Newburgh Augt 18th 1783
If my Letter from Albany by the Count del Vermé has reached you, it would inform you that I had just made the tour of the Northern & Western parts of this State, & had got that far on my return home. Accordingly, the day following I arrived at this place & found your Aunt but just recovering from a Fever & severe Cholic which had reduced her much. Since then she has had a relapse, and is at this moment far from being in a good state of health.
It gave us much concern to hear by Colo. Cobb that you had been very unwell, altho’ better when he left you—would advise you to persevere in a temperate mode of living, & give the climate a fair chance. too much retirement may be as improper as to be always in a Crowd—extremes should be avoided. If you want any thing let me know it.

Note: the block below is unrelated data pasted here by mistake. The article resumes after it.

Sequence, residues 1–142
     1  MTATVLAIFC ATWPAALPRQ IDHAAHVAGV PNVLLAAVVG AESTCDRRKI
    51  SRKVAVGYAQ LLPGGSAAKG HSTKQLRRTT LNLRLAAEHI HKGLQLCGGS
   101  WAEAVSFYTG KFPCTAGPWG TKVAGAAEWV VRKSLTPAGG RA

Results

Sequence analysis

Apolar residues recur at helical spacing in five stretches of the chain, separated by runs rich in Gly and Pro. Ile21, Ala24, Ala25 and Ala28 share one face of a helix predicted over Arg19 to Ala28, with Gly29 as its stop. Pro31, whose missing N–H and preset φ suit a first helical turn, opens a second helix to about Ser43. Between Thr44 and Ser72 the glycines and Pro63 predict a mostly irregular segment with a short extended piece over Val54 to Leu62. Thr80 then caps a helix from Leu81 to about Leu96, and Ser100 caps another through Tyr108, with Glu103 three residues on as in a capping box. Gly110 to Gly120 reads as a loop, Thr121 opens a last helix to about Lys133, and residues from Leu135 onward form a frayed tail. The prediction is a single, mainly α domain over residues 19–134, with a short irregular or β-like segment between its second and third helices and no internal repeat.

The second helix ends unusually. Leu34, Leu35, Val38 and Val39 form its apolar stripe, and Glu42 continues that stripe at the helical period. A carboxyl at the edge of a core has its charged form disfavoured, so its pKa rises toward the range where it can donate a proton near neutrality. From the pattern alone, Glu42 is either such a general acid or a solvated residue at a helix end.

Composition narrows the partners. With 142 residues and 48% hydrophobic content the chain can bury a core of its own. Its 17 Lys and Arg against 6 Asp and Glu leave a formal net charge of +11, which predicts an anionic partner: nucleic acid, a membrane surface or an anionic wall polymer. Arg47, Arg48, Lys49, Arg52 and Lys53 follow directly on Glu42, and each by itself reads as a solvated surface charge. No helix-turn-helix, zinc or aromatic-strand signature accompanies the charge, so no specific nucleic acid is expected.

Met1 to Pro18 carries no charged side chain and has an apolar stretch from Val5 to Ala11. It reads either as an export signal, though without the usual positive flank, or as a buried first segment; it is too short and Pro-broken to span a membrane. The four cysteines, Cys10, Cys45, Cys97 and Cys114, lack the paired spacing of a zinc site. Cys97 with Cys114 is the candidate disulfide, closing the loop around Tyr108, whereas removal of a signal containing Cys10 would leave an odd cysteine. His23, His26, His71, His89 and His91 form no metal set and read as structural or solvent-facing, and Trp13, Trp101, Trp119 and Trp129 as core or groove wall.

Congress having required my attendance, I shall set off for Princeton to morrow, and as it is not likely that I shall return to this Quarter again, to reside, I carry my Baggage with me; it being the desire of Congress that I should remain there till the arrival of the Definitive Treaty which, as for the three last Months is every day expected. The British seem to be more in earnest to evacuate New York than heretofore, otherwise things in this quarter remain in Status-quo. Our best wishes attend you I am your affecte
DLC: Papers of George Washington.